The Inevitable Emergence of Assad as a U.S. Ally
The only option for the United States to defeat the Islamic State and end the refugee crisis.
October 4, 2014
The Syrian refugee crisis is now the worst humanitarian crisis after the Rwandan genocide back in 1994. The situation demands an immediate response by the wealthier nations of the world, as well as a workable and lasting solution to the civil war in Syria.
A reassessment of the strategy in the current campaign against the Islamic State is central to stabilizing Syria and solving the refugee crisis. In its current formation, the U.S.-led coalition against the Islamic State is composed of forces that lack the willingness or the capability to shoulder the task.
As a short-term solution, the UN has called for the acceptance of 100,000 vulnerable refugees by other countries. The EU and other rich states have shown little interest.
In the long term, however, any solution to the refugee crisis rests on lasting political stability in Syria. Defeating the Islamic State and other ultra-violent groups is pivotal to this objective.
Millions of Syrians left their homes to escape the indiscriminate bombing and the targeting of civilians by the Assad regime.
The refugee crisis takes on new dimensions
Most of the refugees, as anybody walking the streets of Istanbul these days can see, are women and children. They beg for money, any money, when cars are stopped in traffic at red lights. And they sit diminutively on Istanbul’s sidewalks, playing away forlornly on a little flute, hoping to find the occasional generosity of a passer-by.
However, the refugee crisis entered a new turning point with the fast territorial victories of the Islamic State. The Islamic State’s random violence, mass killing of innocent people and kidnapping and rape of young girls have been the main reasons for the recent exodus of Syrians.
Stopping further displacement of Syrians and reversing the tide of the refugee movement requires the removal of the Islamic State from captured territories in Syria and Iraq.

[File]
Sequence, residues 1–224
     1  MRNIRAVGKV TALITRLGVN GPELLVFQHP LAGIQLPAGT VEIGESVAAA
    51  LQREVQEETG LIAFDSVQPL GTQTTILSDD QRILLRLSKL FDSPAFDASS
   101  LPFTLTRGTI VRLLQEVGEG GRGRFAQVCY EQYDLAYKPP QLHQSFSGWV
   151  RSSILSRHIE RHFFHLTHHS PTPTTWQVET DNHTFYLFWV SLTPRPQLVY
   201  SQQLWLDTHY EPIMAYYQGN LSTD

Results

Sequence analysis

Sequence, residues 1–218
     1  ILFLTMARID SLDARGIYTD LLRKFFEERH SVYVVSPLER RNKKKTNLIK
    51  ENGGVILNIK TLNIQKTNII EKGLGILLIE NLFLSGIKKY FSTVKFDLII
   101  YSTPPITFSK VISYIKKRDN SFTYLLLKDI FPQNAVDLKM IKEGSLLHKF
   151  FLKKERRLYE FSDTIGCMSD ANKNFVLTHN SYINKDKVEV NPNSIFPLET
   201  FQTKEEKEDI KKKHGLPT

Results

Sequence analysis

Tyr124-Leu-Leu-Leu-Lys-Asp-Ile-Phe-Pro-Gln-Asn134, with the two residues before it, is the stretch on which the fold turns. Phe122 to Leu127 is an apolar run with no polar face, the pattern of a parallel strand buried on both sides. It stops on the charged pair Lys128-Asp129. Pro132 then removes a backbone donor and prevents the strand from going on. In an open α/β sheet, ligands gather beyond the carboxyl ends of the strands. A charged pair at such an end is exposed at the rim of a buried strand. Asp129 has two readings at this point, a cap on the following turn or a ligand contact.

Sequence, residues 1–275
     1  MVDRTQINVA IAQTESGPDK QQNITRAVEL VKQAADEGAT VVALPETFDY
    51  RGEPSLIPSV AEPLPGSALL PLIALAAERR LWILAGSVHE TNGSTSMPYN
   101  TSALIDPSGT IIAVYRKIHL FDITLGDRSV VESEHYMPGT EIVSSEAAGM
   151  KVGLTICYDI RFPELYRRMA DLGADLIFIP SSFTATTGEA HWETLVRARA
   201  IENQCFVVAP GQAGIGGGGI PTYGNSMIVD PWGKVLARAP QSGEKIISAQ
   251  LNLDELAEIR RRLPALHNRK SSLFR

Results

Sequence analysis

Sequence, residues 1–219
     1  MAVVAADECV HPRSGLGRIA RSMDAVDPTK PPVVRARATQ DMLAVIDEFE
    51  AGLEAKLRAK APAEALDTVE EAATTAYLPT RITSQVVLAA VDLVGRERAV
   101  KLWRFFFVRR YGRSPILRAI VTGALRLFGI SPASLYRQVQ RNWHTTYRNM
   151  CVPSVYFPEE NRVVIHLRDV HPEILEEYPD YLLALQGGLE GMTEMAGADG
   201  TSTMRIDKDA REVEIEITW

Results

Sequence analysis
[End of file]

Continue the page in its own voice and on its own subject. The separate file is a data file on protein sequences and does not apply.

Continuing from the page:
The current U.S.-led coalition against the Islamic State is unlikely to achieve this. Its failure will force the displacement of the Kurds and many more who withstood the violence of Assad’s regime and did not leave their homes.
The situation demands boldness and clear-headedness in making the right choices.
A coalition that includes forces truly opposed to the Islamic State is needed to achieve victory against the group. The moderate anti-Assad forces that President Obama called to arm and train have been destroyed or rendered inconsequential by the regime and the radical opposition groups.
Saudi Arabia, Qatar and the other regional Arab states in the coalition remain committed to using radical Muslim groups in Syria and Iraq in their proxy war with Iran. Their participation in the coalition against the Islamic State is at best cynical.
The Assad government – the best path to success
As difficult as this is to accept, the Assad government, the original cause of the refugee crisis, may be among the only hopes for turning the tide. Assad has every reason to defeat the Islamic State at this point. Success in fighting against the Islamic State hinges upon a tacit or active coordination of activities with Assad and his supporters, including Iran.
Insisting on the removal of Assad from power weakens the possibility of containing or defeating the Islamic State, stabilizing Syria and helping a peaceful and voluntary repatriation of the Syrian refugees to their homes.
Assad needs to be guaranteed a place in the future government of Syria after the defeat of the Islamic State and other radical Muslim groups. This seems to be the only road to success.
The world faced similar choices in the past. Right decisions were made in some cases. The alliance between the Soviet Union and its ideological enemies, the United States, Great Britain and France, proved pivotal in defeating fascism in WWII.
No one had any illusion about Stalin’s brutality at home. It took a long time for the Americans to accept Stalin’s call for cooperation against Hitler. In the end, the Americans and others accepted the offer, working with one ideological enemy, to defeat an immediate and devastating threat to the stability of the world.
We are facing a similar situation today. A Syria with Assad is far preferable to a prolonged civil war, or a country carved up and ruled by the Islamic State. This is true for the Syrian refugees and the rest of us elsewhere in the world.
Any solution to the Syrian refugee crisis rests on lasting political stability in Syria.
Muslim states’ participation in the coalition against the Islamic State is at best cynical.
The Assad government, the original cause of the refugee crisis, may be among the only hopes for turning the tide.
Professor of Political Economy at Ramapo College Behzad Yaghmaian is an Iranian-born author living in the United States. He is a professor of political economy at Ramapo College in New Jersey. He has taught in the United States, Iran, and Turkey. In 2007, he traveled to China to live among the growing population of internal […]